A University of Manchester researcher has revealed a rowdy side to the history of our Victorian and Edwardian public parks.
Ruth Colton says children were central to the establishment of our well-loved parks which were places where they were encouraged to behave 'properly'.
The Victorians, she says, thought parks, were important for promoting social harmony, respectability and family values at a time of rising concerns about children's behaviour, health and welfare.
But through postcards, public records, archaeology and children's literature from the period, the PhD student shows the children weren't always the little angels we might think they were.
The parks she studied include Whitworth Park in Manchester, Roundwood Park and Vauxhall Park in London, Greenhead Park in Huddersfield and Saltwell Park in Gateshead.
She said: "I don't agree that Victorian and Edwardian children were to be seen and not heard.
"It was supposed to be the golden age for middle class children, who were depicted as angels or fairies in advertisements and literature.
"But children and children's play was a prominent feature of parks and one which was framed by class.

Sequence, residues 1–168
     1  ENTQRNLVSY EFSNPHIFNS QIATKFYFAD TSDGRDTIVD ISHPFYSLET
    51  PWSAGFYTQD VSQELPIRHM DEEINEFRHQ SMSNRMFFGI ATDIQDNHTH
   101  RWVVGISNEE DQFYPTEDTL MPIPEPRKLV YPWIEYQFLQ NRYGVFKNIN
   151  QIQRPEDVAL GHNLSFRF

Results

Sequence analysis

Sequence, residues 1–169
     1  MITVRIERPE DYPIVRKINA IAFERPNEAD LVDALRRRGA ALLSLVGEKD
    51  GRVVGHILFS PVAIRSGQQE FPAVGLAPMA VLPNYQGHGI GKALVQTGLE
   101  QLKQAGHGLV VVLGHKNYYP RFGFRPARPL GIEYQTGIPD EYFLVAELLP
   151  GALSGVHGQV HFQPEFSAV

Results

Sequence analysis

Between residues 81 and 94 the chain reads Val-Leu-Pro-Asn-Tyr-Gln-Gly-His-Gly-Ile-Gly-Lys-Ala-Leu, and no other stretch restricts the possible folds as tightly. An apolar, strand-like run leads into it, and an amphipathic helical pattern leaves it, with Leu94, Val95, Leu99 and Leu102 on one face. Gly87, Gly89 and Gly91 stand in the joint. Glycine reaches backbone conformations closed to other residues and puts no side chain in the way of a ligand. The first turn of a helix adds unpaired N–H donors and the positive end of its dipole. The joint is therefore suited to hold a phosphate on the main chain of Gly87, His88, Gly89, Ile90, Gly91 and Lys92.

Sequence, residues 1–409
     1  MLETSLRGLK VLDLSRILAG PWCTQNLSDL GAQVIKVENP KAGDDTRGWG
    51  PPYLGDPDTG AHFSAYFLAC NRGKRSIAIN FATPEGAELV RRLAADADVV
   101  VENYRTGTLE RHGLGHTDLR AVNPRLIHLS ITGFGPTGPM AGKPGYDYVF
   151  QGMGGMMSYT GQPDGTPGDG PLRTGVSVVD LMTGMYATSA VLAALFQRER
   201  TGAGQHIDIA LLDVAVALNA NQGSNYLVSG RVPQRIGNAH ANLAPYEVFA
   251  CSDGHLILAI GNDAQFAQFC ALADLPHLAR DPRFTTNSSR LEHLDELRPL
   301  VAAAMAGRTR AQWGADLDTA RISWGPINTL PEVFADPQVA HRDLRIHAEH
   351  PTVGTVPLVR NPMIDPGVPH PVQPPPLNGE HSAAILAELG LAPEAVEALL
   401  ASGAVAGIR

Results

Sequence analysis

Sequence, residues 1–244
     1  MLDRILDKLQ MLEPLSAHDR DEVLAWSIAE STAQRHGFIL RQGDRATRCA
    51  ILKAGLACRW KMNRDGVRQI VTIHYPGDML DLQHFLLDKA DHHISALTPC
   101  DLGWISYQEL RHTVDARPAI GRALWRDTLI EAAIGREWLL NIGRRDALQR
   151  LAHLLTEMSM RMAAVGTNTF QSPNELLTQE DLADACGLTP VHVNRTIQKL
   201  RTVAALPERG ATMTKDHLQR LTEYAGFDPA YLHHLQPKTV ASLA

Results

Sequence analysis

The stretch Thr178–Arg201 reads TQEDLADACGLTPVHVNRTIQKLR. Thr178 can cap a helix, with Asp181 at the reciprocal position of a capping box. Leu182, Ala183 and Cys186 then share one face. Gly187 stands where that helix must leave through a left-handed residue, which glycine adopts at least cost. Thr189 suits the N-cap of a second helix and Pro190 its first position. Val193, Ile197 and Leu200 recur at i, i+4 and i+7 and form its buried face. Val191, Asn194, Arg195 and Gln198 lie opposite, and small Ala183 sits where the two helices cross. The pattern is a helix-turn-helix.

"Working class children, depicted as street urchins, were given a less positive spin, but parks were thought to be a good way to purify and improve them."
She added: "And like today, there was a rowdy and unpredictable side too: while parks were supposed to promote social harmony, this was often resisted and parks could be sites of conflict and contrast.
"Newspapers reported that children and youths were sitting on park benches shouting abuse at passers-by.
"Children would also illegally fish in park lakes for ornamental fish or steal fruit of the trees."
Objects excavated in Whitworth Park by The University of Manchester led Community Archaeology Project, of which Ms Colton is part, showed that eating food and drinking alcohol, forbidden in the park bye-laws, took place in the park.
The team have unearthed marbles from the tops of Codd bottles alongside the more expensive coloured glass marbles, showing how children from different social classes played and competed together.
Five stones – a game similar to jacks - was also found at the Manchester Park. Made of ceramic, they are among the earliest examples of toy manufacture.
She said: "Excavated material showed how parks were one of the few places where social classes could mix and compete against each other, particularly children.
"I hope that my work will inform our understanding of the parks' heritage and in doing so will help to inform a vision for their future.
"Children have always had a wild side to their nature; kids will be kids and this is as true today as it was in the Victorian and Edwardian eras."
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